Reopening the nation’s economy before June could save 18 million jobs, but also result in over 200,000 additional COVID-19 deaths, the Penn Wharton Budget Model found Friday.
According to the Centers for Disease Control and Prevention, current models already project over 100,000 deaths from the coronavirus amid a struggling economy, with more than 30 million jobs lost over the last six weeks, according to Forbes.
The Penn Wharton model projects if states keep lockdowns in place through June, about 18.6 million more jobs would be lost, and the U.S. Gross Domestic Product would fall to almost 12% lower than it was in June 2019.
The model projected the national death toll will near 117,000 - there are currently 64,203 deaths - if lockdown orders are extended through June.
Under a scenario in which states begin partial reopening by lifting stay-at-home orders, school closures and emergency declarations, the deaths would climb by 45,000, to a 162,000 total.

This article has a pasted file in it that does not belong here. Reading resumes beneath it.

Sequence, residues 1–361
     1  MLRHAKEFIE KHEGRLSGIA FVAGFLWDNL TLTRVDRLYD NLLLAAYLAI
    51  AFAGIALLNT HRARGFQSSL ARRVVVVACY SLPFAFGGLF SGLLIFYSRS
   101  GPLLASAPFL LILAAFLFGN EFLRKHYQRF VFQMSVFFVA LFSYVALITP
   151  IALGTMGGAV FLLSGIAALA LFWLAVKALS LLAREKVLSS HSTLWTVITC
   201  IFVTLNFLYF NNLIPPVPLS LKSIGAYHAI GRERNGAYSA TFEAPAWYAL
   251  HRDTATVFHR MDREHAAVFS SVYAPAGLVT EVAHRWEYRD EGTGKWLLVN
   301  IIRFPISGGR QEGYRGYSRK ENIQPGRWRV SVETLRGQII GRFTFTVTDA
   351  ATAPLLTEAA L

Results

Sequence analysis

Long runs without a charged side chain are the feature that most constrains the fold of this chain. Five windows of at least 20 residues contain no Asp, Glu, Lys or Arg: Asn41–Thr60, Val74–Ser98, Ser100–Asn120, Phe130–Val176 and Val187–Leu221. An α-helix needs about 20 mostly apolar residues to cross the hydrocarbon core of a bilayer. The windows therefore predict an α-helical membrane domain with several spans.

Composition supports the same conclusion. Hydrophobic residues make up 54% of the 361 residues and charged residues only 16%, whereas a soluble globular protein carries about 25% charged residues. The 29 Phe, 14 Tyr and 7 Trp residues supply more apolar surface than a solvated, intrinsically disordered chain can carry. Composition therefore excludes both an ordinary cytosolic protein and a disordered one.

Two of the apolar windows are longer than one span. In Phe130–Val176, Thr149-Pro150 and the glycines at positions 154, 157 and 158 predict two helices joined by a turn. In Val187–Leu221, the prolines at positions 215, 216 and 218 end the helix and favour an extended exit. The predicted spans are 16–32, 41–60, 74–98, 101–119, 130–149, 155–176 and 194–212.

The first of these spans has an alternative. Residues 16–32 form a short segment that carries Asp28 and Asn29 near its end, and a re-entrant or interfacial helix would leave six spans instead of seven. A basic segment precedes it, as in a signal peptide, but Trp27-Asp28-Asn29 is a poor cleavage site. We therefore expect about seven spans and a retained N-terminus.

A partial reopen would save about 4.4 million jobs out of 14 million more projected to be lost in the next two months, and GDP would fall by 10.7% compared to a year earlier, the model projects.
Then there's a fully reopened by June 30 scenario.
Under that vision, with an immediate lift of all lockdown orders and business closures, 233,000 more deaths from the coronavirus could be expected, the model projected. And GDP on June 30 would increase by around 1.5% relative to not reopening, with almost all job losses since May 1 getting regained.
If a full reopening results in Americans relaxing their social distancing measures, then cumulative national deaths will reach a catastrophic 950,000 by the end of June, the report estimated. Under those same circumstances, 4.1 million jobs would be regained from losses between March and April.
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